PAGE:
Up next: The scientists plan to continue sifting through the images for more answers on netting that will prevent the spread of malaria. 

Original image
iStock
arrow
Medicine
Why Haven't We Cured Cancer Yet?
Original image
iStock

Walkathons, fundraisers, and ribbon-shaped bumper stickers raise research dollars and boost spirits, but cancer—the dreaded disease that affects more than 14 million people and their families at any given time—still remains bereft of a cure.

Why? For starters, cancer isn't just one disease—it's more than 100 of them, with different causes. This makes it impossible to treat each one using a one-size-fits-all method. Secondly, scientists use lab-grown cell lines cultivated from human tumors to develop cancer therapies. Living masses are far more complex, so potential treatments that show promise in lab experiments often don't work on cancer patients. As for the tumors themselves, they're prone to tiny genetic mutations, so just one growth might contain multiple types of cancer cells, and even unique sub-clones of tumors. These distinct entities might not respond the same way, or at all, to the same drug.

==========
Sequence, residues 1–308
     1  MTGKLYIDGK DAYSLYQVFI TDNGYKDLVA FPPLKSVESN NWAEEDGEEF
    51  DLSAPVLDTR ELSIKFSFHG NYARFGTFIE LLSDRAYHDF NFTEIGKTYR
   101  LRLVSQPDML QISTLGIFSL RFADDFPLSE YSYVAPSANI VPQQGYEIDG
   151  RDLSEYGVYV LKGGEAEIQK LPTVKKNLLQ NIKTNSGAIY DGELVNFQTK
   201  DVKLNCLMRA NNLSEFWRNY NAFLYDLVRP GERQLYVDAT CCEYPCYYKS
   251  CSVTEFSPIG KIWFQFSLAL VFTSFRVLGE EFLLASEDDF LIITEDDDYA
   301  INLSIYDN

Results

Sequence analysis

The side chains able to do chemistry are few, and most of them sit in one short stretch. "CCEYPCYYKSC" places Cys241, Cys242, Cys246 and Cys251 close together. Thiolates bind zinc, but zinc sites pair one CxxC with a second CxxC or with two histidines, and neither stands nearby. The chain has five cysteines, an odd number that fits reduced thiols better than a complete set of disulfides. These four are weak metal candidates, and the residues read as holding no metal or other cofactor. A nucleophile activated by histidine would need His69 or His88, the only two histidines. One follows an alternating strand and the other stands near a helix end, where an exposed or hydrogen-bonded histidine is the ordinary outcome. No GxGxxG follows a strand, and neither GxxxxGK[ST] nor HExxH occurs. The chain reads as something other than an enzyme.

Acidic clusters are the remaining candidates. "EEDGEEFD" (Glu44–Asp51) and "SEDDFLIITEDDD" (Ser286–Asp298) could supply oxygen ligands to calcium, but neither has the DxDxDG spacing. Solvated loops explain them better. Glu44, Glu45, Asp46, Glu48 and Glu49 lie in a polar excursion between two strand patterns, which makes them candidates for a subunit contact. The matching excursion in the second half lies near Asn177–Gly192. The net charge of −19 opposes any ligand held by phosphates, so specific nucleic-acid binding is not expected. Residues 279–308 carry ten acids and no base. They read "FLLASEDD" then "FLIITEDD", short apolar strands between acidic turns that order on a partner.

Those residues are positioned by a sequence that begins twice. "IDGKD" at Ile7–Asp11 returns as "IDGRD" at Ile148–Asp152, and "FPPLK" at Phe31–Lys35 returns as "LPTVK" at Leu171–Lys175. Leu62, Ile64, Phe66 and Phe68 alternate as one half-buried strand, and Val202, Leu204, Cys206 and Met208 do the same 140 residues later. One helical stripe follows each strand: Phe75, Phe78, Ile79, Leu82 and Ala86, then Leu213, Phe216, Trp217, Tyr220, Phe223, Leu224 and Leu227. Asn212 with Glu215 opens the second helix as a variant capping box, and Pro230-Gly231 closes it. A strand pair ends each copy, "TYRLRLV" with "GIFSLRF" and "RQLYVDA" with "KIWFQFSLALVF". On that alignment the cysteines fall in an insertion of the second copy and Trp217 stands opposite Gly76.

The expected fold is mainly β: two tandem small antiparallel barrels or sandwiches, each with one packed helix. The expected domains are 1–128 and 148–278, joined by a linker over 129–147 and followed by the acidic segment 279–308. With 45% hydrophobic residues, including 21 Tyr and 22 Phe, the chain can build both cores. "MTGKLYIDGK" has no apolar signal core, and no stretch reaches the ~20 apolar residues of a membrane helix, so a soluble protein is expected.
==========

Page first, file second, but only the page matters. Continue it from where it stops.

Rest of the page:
These are just a few of the challenges that cancer researchers face—but the good news is that they're working to beat all of them, as this TED-Ed video explains below.

Original image
iStock
arrow
Health
Skipping Breakfast Could Be Bad for Your Heart
Original image
iStock

There are mountains of evidence supporting the claim that breakfast really is the most important meal of the day. Getting something in your stomach in the first hours of the morning can regulate your glucose levels, improve your cognition, and keep your hunger in check. Now new research published in the Journal of the American College of Cardiology points to another reason not to wait until lunchtime to break last night’s fast. As TIME reports, people who skip breakfast are at an increased risk for atherosclerosis, a disease caused by plaque buildup in the arteries.